Good luck - why we shouldn't say it

How often have you heard the words “good luck”, “wish me luck”, “how unlucky you must be”.

If you win a new job, someone is bound to say how lucky you were in winning the promotion as if it came down to chance.   What the person is say is that it the decision of winning the job is to do with randomness... probabilities... accidents... chance. But to say that the universe is operated based on chance is to say there is no God.

For a Christian, nothing is left to chance and as a result we should not use the worldly term “good luck/bad luck”.  We need to remember, could we repeat the same words we say to our friends to the Lord Jesus Christ - would we wish Him luck.  NO. As when we do we are saying that things are random, but throughout the whole of Scripture it is very clear that God is in control of all things and nothing is left to chance.  This is demonstrated in Proverbs 16:33 “The lot is cast into the lap, But its every decision is from the Lord.” It couldn’t be clearer than that. 

As Christians we have been given the promise that He works all things, whether seemingly good or bad - "And we know that all things work together for good to those who love God, to those who are the called according to His purpose" (Romans8:28).

Nowhere in the verses from Ecclesiastes (3:1-9) does it mention randomness, probabilities, chance or luck  . . . no, all things has been determined already by God, there is no surprises, not with the seasons, when we are born or when we die - He knows all.

To every thing there is a season, and a time to every purpose under the heaven: A time to be born , and a time to die ; a time to plant , and a time to pluck up that which is planted ; A time to kill , and a time to heal ; a time to break down , and a time to build up ; A time to weep , and a time to laugh ; a time to mourn , and a time to dance ; A time to cast away stones, and a time to gather stones together ; a time to embrace , and a time to refrain from embracing ; A time to get , and a time to lose ; a time to keep , and a time to cast away ; A time to rend , and a time to sew ; a time to keep silence , and a time to speak ; A time to love , and a time to hate ; a time of war, and a time of peace.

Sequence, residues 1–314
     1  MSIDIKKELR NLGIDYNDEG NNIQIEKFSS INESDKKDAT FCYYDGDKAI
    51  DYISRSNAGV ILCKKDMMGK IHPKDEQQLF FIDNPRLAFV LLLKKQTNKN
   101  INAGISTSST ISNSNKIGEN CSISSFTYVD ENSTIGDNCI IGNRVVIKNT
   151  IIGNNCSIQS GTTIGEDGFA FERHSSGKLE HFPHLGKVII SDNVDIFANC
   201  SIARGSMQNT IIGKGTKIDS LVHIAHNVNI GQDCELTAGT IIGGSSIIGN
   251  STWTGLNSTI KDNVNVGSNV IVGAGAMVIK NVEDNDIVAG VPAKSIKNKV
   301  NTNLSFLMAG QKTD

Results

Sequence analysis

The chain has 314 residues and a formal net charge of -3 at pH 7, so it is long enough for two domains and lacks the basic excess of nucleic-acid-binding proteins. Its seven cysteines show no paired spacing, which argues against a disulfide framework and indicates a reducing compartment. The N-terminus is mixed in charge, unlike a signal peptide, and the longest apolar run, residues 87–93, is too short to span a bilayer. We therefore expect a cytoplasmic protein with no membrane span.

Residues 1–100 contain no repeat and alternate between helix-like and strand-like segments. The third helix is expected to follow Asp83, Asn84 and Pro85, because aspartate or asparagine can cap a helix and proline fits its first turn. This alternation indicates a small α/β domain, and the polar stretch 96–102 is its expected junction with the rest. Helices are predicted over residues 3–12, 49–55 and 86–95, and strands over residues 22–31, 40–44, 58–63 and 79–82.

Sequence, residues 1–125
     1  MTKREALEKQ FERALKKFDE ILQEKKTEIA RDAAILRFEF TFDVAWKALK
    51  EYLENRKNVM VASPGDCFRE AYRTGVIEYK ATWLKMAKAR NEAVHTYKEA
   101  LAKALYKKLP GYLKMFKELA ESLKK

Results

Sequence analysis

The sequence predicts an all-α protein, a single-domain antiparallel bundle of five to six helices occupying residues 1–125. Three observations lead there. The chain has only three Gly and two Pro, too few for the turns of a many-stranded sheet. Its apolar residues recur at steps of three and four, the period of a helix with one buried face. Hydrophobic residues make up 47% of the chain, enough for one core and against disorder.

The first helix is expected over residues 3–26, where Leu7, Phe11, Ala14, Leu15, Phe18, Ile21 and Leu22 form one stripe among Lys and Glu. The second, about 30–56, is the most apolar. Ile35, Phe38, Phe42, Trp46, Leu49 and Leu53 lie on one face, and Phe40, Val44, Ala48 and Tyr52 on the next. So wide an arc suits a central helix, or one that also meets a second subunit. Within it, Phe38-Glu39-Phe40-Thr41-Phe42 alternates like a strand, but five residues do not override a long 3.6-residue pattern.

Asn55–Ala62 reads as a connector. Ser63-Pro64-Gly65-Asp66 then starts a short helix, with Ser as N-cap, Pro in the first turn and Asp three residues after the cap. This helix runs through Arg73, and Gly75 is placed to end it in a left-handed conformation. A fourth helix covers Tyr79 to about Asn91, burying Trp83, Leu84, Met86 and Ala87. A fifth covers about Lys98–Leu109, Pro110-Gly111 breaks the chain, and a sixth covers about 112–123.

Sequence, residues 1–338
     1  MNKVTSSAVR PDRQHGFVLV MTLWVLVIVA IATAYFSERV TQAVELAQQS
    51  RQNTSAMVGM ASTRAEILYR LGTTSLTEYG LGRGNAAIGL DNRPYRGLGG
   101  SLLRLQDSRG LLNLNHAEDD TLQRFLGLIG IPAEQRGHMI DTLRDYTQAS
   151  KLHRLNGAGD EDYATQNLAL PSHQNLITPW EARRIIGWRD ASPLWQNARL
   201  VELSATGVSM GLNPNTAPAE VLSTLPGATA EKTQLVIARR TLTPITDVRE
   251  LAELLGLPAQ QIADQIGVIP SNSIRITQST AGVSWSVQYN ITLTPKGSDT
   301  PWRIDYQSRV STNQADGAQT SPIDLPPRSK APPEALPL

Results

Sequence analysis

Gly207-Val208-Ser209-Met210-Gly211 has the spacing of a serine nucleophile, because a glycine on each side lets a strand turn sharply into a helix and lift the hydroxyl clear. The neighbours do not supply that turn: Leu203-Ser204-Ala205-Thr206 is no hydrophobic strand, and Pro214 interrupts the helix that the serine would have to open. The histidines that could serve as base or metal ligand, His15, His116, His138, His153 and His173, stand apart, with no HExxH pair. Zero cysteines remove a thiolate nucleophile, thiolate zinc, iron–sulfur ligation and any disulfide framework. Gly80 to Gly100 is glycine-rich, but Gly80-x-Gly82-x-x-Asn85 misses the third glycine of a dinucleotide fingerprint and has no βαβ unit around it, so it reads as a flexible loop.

So, what can Christians say instead, perhaps "God be with you", "you are in my thoughts and prayers" or perhaps something from the scriptures "The grace of our Lord Jesus Christ be with you all." (Revelations 22:21) or "Grace be with you all" (Hebrews 13:25).  However saying this to a non believer will certainly take them by surprise for sure, but it may make them think or perhaps comment about why we, as Christians, don't say "good luck". I am certainly guilty of saying it, especially if others around are saying it (talking before thinking!).

What do you say when someone says good luck to you?


  1. I have problems on birthday cards, like "Wishing you a Happy Birthday", I write it but don't like it, there is nothing in a wish, as it is very much the same as luck. Maybe your thought could be used here, like "May God's blessing be on you this Birthday" or similar. Thoughtful post. Thanks LL S.

  2. I'm with Stephen ... "wish" is a very similar term, but it is almost impossible to escape it.

    When people use "luck" concerning anything in my life, I always politely say, "Praise God. He did it."

    Have a great evening!

  3. Hello! I am a new reader. Can't wait to see more from your blog! Please follow me back at The Nutritionist Reviews and Giveaways:

    Aww I love your puppy!

  4. Jo: it gets sticky, doesn't it? I find myself saying it before I stop & think because it is part of our culture & we have been conditioned from tiny things to say it but then I quite often leave *Blessings* ~ or I did, until I found out Pagans use it. Hmmm...quandry. As the world gets worse & worse though I find myself called to be more & more particular about things.

  5. I hadn't thought of "best wishes" when I was writing this, but you are quite right it is the same as "good luck".

    Welcome Beth in NC: it is lovely to meet you, thank-you for visiting. Will pop over to say hi:)

    Welcome to Amanda-The Nutritionist Reviews: thank-you for your kind words. Yes, the puppy is cute but now almost 3 and is like a noisy teenager!